Navajo-Hopi Nations,Flagstaff & Winslow News
Thu, Dec. 03

Rainbow Bridge backpacking trip celebrates 31 years

TUBA CITY, Ariz. - This Memorial Day will mark the 31st year of an annual backpacking trip Earl Riggs organizes from Navajo Mountain in Utah to Rainbow Bridge.

Michael Riggs, Earl's son, said that his father never intended the hike to be an annual event.

"The way he puts it, he and a bunch of friends went out and went on a hike 31 years ago and he swore he would never do it again," Riggs said. "And he has been doing it every year since."

The distance from the trailhead at Navajo Mountain to the hike's end point is about 17 miles. Riggs said each day consists of about a seven-mile walk. At the end, boats take the hikers to Rainbow Bridge.

While the hike started as an excursion with a few friends and family members, it has now evolved into a much larger coordinated effort. Riggs said that the hike has gained interest from hikers from Europe, Asia and South Africa, but most participants come from the Navajo and Hopi nations.

This hike has always had a spiritual bent to it, Riggs said. It is about the journey and being in tune with nature and with the Long Walk as a memory.

He said there are stories and ceremonies that the Navajo engaged in to ensure that there was safe passage through the canyons and to maintain and keep the traditions alive, those were the kinds of things that were stripped from the people on the Long Walk. So many people died, Riggs said.

It is also important to Earl that the hike teaches something to younger kids.

"I think a lot of it has to do with what my father and those folks who have been on this hike for a very long time, essentially our elders, impart to the children," Riggs said. "They may or may not have known about the Long Walk but during the hike they learn the importance of it."

Riggs said the hike through the canyon lands functions as a lesson on Navajo history. The hike also provides a sense of community.

"What starts the sharing is as simple as a camp stove. People coming together, eating together and sharing stories," Riggs said. "The sense of camaraderie is fantastic."

It is not just spiritual lessons that Riggs gives to those who participate in the hike, though. The organizers try to provide an opportunity for youth from low socio-economic homes to experience, learn about and enjoy the outdoors. They want to emphasize the importance of lifelong physical activity to the kids and create respect for the environment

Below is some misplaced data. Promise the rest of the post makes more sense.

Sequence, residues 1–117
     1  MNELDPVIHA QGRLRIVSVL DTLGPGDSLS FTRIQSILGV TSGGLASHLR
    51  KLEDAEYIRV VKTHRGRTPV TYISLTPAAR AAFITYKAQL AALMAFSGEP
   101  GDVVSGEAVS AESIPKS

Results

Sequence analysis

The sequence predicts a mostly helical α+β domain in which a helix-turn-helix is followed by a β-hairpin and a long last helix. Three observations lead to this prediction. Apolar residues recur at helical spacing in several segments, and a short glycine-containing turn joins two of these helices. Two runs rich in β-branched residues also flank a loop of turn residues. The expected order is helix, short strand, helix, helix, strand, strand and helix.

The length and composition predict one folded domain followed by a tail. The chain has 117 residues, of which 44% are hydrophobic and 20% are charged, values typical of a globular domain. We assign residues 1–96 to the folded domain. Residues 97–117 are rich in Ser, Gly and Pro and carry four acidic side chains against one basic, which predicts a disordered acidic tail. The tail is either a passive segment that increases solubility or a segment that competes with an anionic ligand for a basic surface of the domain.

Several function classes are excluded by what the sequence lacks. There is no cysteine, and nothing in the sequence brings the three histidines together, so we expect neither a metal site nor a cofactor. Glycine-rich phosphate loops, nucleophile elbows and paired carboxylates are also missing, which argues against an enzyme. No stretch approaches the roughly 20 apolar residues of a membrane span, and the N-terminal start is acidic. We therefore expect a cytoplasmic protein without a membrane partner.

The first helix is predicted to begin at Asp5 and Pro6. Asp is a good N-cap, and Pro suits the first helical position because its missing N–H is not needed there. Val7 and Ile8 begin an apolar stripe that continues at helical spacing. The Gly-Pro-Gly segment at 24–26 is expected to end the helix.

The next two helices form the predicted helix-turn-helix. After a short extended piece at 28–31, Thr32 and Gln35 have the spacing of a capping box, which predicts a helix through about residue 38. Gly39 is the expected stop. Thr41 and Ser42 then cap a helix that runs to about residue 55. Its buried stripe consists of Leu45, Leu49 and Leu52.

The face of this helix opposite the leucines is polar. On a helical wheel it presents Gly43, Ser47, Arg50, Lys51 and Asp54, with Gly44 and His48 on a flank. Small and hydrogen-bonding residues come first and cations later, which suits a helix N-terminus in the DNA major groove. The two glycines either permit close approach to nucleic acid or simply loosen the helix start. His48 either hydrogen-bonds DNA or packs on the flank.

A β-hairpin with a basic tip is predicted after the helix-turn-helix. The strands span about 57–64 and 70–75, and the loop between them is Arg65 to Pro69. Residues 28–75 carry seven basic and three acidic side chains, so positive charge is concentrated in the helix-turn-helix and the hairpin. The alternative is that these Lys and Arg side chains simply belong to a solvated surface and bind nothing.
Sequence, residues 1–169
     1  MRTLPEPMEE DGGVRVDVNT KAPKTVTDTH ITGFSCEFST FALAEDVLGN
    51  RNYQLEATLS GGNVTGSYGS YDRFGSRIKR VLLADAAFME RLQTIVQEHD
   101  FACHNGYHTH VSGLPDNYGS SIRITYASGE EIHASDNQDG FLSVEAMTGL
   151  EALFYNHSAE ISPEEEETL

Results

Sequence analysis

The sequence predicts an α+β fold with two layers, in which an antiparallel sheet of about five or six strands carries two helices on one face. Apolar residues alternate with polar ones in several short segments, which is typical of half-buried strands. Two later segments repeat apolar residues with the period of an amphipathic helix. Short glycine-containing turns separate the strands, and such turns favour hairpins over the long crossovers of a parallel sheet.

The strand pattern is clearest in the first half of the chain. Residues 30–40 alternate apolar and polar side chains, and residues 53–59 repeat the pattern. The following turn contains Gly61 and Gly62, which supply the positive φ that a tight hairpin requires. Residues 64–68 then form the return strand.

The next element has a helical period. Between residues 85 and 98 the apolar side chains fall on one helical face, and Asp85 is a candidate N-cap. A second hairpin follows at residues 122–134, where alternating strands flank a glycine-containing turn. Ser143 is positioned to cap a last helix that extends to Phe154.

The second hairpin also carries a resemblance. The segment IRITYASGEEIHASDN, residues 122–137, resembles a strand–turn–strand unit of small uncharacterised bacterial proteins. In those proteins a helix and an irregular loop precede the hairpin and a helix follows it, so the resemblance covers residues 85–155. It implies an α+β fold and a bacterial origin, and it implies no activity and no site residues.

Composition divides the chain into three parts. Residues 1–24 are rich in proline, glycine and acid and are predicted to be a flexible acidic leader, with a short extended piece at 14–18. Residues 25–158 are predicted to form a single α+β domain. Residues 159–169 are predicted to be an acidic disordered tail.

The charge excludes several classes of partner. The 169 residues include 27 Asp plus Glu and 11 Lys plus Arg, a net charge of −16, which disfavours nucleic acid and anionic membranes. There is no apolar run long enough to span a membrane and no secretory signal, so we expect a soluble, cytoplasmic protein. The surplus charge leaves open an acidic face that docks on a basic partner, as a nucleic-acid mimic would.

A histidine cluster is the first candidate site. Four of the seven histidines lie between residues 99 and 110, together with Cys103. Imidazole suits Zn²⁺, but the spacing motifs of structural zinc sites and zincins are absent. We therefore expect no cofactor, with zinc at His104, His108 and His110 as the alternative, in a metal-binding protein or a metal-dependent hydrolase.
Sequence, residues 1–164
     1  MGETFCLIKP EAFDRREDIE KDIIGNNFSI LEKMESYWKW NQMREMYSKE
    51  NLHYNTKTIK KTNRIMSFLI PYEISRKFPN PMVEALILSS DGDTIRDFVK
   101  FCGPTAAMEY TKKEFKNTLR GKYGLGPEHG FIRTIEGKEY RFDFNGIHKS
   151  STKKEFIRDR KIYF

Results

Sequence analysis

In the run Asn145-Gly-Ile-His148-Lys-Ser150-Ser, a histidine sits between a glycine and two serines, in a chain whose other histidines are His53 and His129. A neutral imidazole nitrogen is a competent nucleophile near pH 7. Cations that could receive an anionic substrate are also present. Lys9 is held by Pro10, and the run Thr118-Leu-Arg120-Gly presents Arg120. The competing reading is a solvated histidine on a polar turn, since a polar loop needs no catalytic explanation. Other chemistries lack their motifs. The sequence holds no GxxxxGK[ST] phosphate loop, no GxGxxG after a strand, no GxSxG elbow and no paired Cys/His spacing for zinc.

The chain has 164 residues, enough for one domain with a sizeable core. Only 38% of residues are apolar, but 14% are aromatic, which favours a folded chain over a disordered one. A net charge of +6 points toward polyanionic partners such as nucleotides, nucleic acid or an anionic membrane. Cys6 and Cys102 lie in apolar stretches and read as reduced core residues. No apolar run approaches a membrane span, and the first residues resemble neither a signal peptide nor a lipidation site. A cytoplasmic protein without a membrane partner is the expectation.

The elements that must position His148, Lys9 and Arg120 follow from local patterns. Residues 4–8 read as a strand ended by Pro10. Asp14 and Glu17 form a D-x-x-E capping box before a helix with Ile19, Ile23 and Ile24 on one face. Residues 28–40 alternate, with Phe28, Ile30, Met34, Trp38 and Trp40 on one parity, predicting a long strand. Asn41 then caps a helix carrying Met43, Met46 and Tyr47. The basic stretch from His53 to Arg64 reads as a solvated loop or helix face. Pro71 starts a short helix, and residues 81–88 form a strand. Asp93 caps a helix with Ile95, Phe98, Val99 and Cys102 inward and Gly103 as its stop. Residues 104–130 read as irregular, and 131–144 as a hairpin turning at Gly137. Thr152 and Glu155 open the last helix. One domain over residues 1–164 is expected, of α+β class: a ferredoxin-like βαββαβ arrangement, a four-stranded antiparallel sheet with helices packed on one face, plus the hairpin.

and healthy active living.

The logistics of moving 100 people from Navajo Mountain to Rainbow Bridge is complicated, Riggs said.

"Not everyone moves en mass. Some folks arrive at the trailhead early. And some people come up on Saturday and hike faster to catch up to the group," Riggs said. "But we do try to ensure that every inexperienced hiker is paired up with a more seasoned hiker."

And not every seasoned hiker is an adult.

"A lot of them are kids who have come back because they enjoyed it so much," Riggs said. "They are the ones who teach the new ones how it is done, properly."

Over the past 30 years, Earl Riggs has covered any extra cost for the kids going on the trip himself, but Riggs is hoping to move away from that so the hike can become self-sustaining.

While there is a difference of opinion between Riggs and his father about how to become self-sustaining, Riggs wants to build a stronger community by getting sponsorships from businesses patronized by Native Americans - shops and restaurants in the border towns. He also wants to inspire Native Americans to frequent establishments they may not have tried before; businesses that support Native American efforts.

"I am working on a three year plan to get people to buy into that kind of model and from that we can build," Riggs said.

More information about the hike and sponsorship is available from Michael Riggs at (928) 614-8691.

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